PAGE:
fwiw, I'd planned to re-work this lot so that a) we install code ahead of the return_o to run the exit handler, and b) static frames carry an "exit handler address" so we can also run it during unwind. 10:48
(So that in the non-exceptional case we can do stuff like inlning LEAVE blocks, or at least get rid of the massive amount of indirection and overhead imposed today)
nine jnthnwrthngtn: ok, thanks, that helps a lot! So I'll have to investigate why the special return handler (which definitely is on the stack) doesn't unwind far enough
jnthnwrthngtn Well, one thing that gets a bit icky: the special return handler is triggered from in unwind frame, which then in turn calls unwind_frame again 10:49
nine I noticed, yes
jnthnwrthngtn This should not matter, because after the special unwind there would be a frame on the stack top 10:50
nine I'm very much looking forward to knowing the explanation. Most of all because of that peculiar behaviour: MVM_SPESH_BLOCKING=1 makes it fail reliably but even with MVM_SPESH_LIMIT=1. So somehow there's a bit of spesh in there but not because of actually speshed frames
jnthnwrthngtn And that's the termination condition for the loop.
Oh. That's weird. 10:51
And disabling spesh fixes it? Does it need blocking to be on, or does LIMIT=1 block it?
iirc disabling spesh also disables the optimization that sees us allocate frames right off on the heap if we see they tend to get promoted 10:52
nine So far I haven't seen a failure with spesh disabled.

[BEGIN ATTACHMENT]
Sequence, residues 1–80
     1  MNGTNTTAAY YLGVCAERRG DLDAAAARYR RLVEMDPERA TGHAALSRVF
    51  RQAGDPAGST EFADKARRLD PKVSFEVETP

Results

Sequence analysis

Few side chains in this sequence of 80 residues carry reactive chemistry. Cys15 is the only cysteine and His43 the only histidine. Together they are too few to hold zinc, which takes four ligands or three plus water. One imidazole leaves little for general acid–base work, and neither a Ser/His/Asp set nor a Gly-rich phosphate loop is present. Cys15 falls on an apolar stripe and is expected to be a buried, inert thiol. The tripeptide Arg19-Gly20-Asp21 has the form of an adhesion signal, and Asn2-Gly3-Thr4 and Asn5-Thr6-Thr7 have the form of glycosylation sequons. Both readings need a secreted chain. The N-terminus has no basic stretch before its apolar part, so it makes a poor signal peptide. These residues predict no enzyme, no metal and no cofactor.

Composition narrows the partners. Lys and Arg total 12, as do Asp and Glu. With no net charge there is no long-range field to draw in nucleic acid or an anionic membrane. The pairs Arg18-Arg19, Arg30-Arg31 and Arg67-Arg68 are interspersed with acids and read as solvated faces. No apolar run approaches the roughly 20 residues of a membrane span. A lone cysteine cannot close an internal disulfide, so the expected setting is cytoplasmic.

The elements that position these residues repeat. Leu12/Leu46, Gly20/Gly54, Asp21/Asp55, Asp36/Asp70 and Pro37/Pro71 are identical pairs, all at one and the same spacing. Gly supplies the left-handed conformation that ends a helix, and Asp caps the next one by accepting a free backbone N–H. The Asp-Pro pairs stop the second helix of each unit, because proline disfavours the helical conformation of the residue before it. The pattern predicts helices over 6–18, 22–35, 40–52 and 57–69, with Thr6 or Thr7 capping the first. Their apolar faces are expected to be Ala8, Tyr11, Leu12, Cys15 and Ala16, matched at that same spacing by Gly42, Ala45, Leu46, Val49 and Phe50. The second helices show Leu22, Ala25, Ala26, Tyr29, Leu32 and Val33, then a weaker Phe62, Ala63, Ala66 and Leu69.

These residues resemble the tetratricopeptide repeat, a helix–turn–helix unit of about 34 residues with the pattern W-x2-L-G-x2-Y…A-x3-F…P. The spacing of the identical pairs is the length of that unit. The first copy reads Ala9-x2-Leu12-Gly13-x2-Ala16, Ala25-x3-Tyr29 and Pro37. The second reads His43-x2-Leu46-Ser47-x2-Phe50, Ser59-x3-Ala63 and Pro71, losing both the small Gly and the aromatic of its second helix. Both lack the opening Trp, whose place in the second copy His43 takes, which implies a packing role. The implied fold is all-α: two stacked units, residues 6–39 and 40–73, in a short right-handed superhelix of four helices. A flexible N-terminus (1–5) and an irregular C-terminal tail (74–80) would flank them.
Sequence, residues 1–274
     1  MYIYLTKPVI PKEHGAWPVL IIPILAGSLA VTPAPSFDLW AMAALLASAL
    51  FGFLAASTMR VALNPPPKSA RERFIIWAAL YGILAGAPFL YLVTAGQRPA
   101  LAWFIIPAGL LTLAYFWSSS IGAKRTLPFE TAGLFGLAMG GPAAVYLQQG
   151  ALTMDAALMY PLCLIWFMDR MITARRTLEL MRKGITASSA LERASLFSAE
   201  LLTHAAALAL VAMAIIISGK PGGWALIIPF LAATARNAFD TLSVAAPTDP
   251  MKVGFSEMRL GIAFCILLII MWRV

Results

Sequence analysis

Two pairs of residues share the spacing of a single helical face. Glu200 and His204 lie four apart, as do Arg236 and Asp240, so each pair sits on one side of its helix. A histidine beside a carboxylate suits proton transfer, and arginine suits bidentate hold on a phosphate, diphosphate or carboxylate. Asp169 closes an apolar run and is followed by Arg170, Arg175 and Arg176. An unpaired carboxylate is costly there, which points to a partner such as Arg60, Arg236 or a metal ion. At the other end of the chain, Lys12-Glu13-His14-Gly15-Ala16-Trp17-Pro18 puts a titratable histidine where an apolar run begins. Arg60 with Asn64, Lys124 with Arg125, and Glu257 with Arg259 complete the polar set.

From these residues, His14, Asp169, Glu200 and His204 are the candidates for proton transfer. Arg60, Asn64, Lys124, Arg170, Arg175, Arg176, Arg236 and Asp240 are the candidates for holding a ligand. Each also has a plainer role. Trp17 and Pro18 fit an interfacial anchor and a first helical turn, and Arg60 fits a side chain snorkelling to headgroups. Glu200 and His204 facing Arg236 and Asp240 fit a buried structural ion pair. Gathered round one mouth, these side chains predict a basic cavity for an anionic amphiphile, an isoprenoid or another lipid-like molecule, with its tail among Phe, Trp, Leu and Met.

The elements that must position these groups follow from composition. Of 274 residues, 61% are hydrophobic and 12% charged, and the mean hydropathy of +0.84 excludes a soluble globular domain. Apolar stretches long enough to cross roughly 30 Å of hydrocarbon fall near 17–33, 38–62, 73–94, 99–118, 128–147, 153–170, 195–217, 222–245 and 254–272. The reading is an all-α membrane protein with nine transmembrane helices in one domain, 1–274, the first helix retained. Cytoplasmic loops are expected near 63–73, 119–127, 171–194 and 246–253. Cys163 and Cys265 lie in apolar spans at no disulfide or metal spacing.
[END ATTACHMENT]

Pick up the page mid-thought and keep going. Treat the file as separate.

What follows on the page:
I cought it with `MVM_SPESH_LIMIT=1 MVM_SPESH_BLOCKING=1 rr record rakudo` and confirmed that none of the involved frames are speshed
Actually it looks like it fails reliably even without MVM_SPESH_BLOCKING=1 if MVM_SPESH_LIMIT=1 is present 10:54
So really either env var will do
Which usually means "memory layout". But in any case, I'll single step through the sequence in rr. That should shine some light 10:56
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nine jnthnwrthngtn: ah, I think I understand what's going on. Not the spesh part, but the rest: it fails to clean up that frame, because the special return handler call stack entry is not followed directly by a frame entry. There's a region entry in between because the special return entry didn't fit into the previous region anymore 14:30
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nine When the frame is right on the top of the stack, the do/while loop cleans it up. But since it isn't, it cleans up the region and exits the loop when it finds that the new frame is a bytecode frame. 14:31